The bank I selected for the honour of employing me was doubtful. The local staff manager had no doubts about the bank's suitability to be honoured in such a way: his doubt was about me. My health record was not good and he was a little dubious about my ability to withstand the rigours of staying on my feet all day at a till, there being no thought in those days of sitting while serving a customer. Wisdom eventually prevailed and I duly reported to one of the Brighton branches to be inducted into the secrets of the financial world. It goes without saying that my working day was taken up entirely with such exciting activities as applying a rubber stamp to several thousand pieces of paper, filing, sticking stamps on envelopes and other similar activities dangerous to my health.

I had not been employed for a year before I was informed that I had been selected to attend a course, an Outward Bound course at a centre in the Lake District. This course, I was told, involved team-building exercises and would fit me for future leadership. So, in the late autumn of that year, I caught a train to Penrith for a month in the mountain air of Cumbria. During the course there would be no alcohol and no tobacco. And the tea contained bromide. In any case, it was an all-male affair.

Much of the first week was spent in the classroom learning first aid and map-reading with a daily work-out on circuit training - press-ups, pull-ups and all sorts of other torture. We students gazed longingly at the hills, wishing we could be up there with the circuit training nothing but a bad memory. We were allowed one luxury. It was considered too cold for us to take a 6.00am dip in the lake and we took cold showers instead.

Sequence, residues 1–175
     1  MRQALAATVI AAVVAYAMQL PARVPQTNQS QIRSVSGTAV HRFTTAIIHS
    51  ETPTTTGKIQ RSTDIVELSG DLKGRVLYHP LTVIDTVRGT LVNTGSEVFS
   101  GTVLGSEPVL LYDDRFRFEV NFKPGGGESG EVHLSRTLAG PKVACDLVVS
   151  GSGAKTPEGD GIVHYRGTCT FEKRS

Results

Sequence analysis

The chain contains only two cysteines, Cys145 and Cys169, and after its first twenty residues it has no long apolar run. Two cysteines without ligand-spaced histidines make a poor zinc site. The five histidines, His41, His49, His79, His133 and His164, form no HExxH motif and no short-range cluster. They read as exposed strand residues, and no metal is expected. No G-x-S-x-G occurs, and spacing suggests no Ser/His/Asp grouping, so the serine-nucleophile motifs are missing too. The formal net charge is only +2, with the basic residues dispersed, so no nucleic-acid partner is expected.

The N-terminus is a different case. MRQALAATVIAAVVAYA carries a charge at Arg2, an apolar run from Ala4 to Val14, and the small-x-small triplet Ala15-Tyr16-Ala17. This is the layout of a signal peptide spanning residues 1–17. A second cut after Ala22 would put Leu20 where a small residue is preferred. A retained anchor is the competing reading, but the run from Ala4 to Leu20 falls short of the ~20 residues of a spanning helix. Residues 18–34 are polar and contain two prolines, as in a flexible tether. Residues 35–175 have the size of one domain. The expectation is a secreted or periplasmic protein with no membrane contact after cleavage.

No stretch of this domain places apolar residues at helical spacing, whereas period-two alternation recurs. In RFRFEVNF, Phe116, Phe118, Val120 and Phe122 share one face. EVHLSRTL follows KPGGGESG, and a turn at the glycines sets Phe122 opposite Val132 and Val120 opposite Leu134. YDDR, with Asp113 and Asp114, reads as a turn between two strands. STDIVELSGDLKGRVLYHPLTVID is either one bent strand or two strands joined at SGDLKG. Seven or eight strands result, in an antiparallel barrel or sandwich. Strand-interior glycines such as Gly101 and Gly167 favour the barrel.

It was the second week before all the classroom instruction was to be put into practice, at first in large groups led by an instructor. We hiked the hills, bivouacking overnight, we canoed, we scaled rock faces and abseiled down again. It was a sort of junior commando training. All this was in preparation for the final hike when we would spend three days on the fells in groups of four.

I can't remember the exact make-up of my group for that last exercise but I do recall that one of the group was a police cadet from Rugby. We seemed to team up naturally and he and I spent the nights in a small two-man tent. I can't remember his name. It wasn't Tom, but for the sake of ease I will call him that.

Mid-afternoon on the third day of the hike: darkness falling and the fog so think we could hardly see our feet. We were walking downhill towards a flattish spot beside a tarn that we had identified on the map. We knew we were walking in the right direction as we could hear the stream feeding the tarn bubbling along on our left. (When the fog lifted slightly we saw that if we had taken just one step to the left we would have been in the stream.) Reaching the selected camp site we wasted no time erecting the tents, changing out of our wet clothes and diving into sleeping bags before lighting the primus stove to cook our meal. With the stove and dirty utensils put outside the tent until morning, sleep came easily.